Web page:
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Is Your Child at Risk for an Ear Infection?

Last updated 2 years ago

Ear infections are the number one reason that parents bring their children to the doctor—in fact, three out of four children will experience at least one ear infection before they are three years old. An ear infection, also called acute otitis media (AOM), is an inflammation of the middle ear that results when fluid builds up behind the eardrum. While anyone can get an ear infection, they are much more common in children due to their smaller anatomy and poorly developed immune systems.  

Ear infections are usually caused by bacteria and typically occur after a child suffers from a sore throat or upper respiratory infection. The bacterial infection causes fluid to build up behind the eardrum, resulting in the symptoms associated with ear infections:  pain in the ear, trouble sleeping, fever, fluid drainage from the ear, problems with balance, and trouble hearing. While it is very common for children to get ear infections, there are factors that can put your child more at risk. These factors include:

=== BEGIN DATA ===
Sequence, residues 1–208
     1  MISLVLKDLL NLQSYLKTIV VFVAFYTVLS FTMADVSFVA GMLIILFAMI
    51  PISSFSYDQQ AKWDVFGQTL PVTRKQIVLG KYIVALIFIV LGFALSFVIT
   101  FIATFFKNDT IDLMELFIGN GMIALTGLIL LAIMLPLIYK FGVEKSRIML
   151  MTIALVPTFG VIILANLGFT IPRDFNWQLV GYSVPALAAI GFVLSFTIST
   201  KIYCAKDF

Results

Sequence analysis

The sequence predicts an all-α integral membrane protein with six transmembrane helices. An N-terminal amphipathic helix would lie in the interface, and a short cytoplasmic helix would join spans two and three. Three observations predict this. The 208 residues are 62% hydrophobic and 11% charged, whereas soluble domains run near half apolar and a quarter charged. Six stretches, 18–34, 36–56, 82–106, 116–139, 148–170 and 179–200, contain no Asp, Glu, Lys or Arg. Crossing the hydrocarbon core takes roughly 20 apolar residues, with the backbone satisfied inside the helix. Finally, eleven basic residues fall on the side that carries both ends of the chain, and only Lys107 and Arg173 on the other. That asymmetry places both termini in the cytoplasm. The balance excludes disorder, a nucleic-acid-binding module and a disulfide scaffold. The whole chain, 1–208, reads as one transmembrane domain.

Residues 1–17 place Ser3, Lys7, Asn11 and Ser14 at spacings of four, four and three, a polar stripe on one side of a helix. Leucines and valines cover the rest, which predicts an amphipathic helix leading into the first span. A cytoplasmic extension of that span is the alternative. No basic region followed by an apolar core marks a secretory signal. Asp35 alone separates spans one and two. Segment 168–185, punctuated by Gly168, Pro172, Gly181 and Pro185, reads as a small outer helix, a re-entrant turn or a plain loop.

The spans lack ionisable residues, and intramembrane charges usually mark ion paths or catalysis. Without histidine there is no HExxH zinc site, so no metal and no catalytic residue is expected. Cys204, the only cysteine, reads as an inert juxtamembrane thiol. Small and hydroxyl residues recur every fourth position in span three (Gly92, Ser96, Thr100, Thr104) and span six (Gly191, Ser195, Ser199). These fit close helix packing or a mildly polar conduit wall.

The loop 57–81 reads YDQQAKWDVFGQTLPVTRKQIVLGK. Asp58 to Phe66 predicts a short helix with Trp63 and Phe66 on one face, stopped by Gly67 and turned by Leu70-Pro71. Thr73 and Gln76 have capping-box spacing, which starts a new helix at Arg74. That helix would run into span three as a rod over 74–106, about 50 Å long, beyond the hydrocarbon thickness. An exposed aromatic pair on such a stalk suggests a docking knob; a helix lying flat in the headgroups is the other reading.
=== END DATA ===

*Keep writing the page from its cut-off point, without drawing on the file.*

• Age
    Children between the ages of six months and two years are at the highest risk of developing ear infections. This is largely due to the shape of their Eustachian tubes—at this age, they have a decreased ability to drain any fluid that accumulates due to bacterial infection. 
     
  • Air quality
    Children exposed to tobacco smoke or air pollution have an increased risk of developing middle ear infections.
     
  • Seasonal factors
    Children are more likely to develop ear infections during the fall and winter, when influenza and colds are common. Children with allergies may also have problems with ear infections during times when there are high pollen counts.
     
  • Child care
    Children that are cared for in group child care settings are much more likely to catch the common cold or other infections, which also increases their risk of suffering from an ear infection.

If your child appears to be suffering from possible ear infection symptoms, consider seeking treatment from your pediatrician. If you would like to learn more about the causes and treatments of acute otitis media, contact the professionals at Sunrise Children’s Hospital at (702) 233-5437.

 

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Disclaimer: The materials provided are intended for informational purposes only. You should contact your doctor for medical advice. Use of and access to this website or other materials do not create a physician-patient relationship. The opinions expressed through this website are the opinions of the individual author and may not reflect the opinions of the hospital, medical staff, or any individual physician or other healthcare professional.
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